If students choose to create boots, have them make a template like described by Lisa Sorrell in FAMILY. Design and carry out the stitching decoration for the upper quarter before attaching it to the vamp. Without the machinery usually involved, students will need to make some creative adaptations.

Have each student trace his or her feet onto paper to serve as templates while constructing the sole of the shoe. Give students time to take measurements and take a close look at the unique shape of their feet.

Using a chosen material for the sole of the shoe, have the students cut the material with an extra centimeter of space around the template made from tracing one’s foot. Use examples from the Investigative Activity #1 to examine how much extra sole is needed to allow for the upper part of the shoe.

Have students consider adding extra space in the toe area for comfort and to define the look of the shoe. Students should also consider the arch and other curves of the foot and cut material to sculpt the inside of the shoe to meet the contours of the student’s foot.

Remind students of the scene in the video when Lisa Sorrell described the purpose of the last and told how the leather is stretched and formed around it. Explain that the students will use their own foot as the last and they will pull and shape the material around it. Put forward the idea that the students are building a form-fitting sculpture around their foot.

Students will need to choose a lining material and an outer material that will work with the look and mood of the designed shoes or boots. Continue to build the shoes by molding the lining material around sections of the foot and cutting it to fit. The lining pieces can then be used like templates to cut the outer layer.

Teach students how to thread a needle and stitch. Suggest to students that, when fitting material around a foot, they will need to put pressure on that foot. Help them understand that the shoe will need to fit comfortably while standing and walking.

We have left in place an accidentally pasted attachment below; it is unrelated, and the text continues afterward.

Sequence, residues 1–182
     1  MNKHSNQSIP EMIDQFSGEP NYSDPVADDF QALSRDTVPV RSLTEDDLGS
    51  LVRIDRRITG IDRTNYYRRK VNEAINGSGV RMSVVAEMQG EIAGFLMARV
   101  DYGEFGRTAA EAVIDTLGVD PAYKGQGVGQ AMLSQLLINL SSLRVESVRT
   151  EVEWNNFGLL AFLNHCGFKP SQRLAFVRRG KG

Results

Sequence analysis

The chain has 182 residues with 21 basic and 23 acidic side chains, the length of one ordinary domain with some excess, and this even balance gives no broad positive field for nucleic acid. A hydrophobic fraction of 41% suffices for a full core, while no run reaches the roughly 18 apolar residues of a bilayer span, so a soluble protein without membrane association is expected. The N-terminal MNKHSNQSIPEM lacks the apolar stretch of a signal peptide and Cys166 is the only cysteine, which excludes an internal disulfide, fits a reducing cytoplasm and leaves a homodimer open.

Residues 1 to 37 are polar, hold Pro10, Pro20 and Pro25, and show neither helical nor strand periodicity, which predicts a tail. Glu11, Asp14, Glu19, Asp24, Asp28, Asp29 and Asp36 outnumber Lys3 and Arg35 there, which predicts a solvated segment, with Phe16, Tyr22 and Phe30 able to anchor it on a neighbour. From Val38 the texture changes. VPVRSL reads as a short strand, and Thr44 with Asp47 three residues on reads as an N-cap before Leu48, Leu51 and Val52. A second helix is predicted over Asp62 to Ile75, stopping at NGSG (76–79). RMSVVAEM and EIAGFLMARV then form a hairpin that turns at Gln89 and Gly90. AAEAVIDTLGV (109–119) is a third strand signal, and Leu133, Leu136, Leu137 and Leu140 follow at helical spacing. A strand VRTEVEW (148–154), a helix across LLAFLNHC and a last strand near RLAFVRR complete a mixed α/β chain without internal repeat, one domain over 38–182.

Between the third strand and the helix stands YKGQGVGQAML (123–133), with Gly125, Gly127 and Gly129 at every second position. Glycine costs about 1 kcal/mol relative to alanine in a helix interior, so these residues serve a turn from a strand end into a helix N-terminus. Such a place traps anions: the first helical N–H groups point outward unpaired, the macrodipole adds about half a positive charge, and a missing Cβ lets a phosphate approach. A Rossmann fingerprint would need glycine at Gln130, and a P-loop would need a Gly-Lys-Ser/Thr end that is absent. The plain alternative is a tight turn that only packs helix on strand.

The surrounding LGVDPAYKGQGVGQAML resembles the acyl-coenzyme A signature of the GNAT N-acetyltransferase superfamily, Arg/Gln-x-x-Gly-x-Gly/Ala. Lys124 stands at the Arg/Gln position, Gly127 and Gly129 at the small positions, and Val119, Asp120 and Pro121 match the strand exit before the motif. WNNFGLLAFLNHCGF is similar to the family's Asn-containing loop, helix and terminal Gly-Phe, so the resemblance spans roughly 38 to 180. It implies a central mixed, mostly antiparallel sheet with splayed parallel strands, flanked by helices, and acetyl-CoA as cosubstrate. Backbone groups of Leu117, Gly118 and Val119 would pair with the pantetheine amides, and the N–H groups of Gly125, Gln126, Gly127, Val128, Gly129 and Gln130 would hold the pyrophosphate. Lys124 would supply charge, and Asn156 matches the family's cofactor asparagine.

Reflection
Does the Shoe Fit?
When the foot coverings are completed, provide students some time to reflect on the final product, and on the process involved. Have students spend some time wearing their shoes. As part of their reflection, suggest that they think of a title for their shoe. Students can complete the reflection worksheet provided or record a reflection in their sketchbooks.

Assessment
By the lesson’s end, students should be able to:
• Describe how a template is used in boot making.
• Understand the labor involved in creating a custom foot covering.
• Explain how they designed and constructed a shoe with a perfect fit.

Additional Resources
The artist, Teri Greeves, is featured in the ORIGINS episode. Her narrative beaded sneakers could serve as an additional resource in creating a narrative design on footwear.
www.craftinamerica.org/artists/teri-greeves

www.craftinamerica.org/shorts/teri-greeves-segment

Teri Greeves: Beadworking and Belonging

Authors
The Educators’ Guide for FAMILY was developed by art educators Amy Albert Bloom and Dolores E. Eaton under the direction of Dr. Marilyn Stewart, Professor of Art Education, Kutztown University of Pennsylvania, Kutztown, PA. Lead Author for The Sorrell Family: A Perfect Fit is Dolores E. Eaton. September 2011.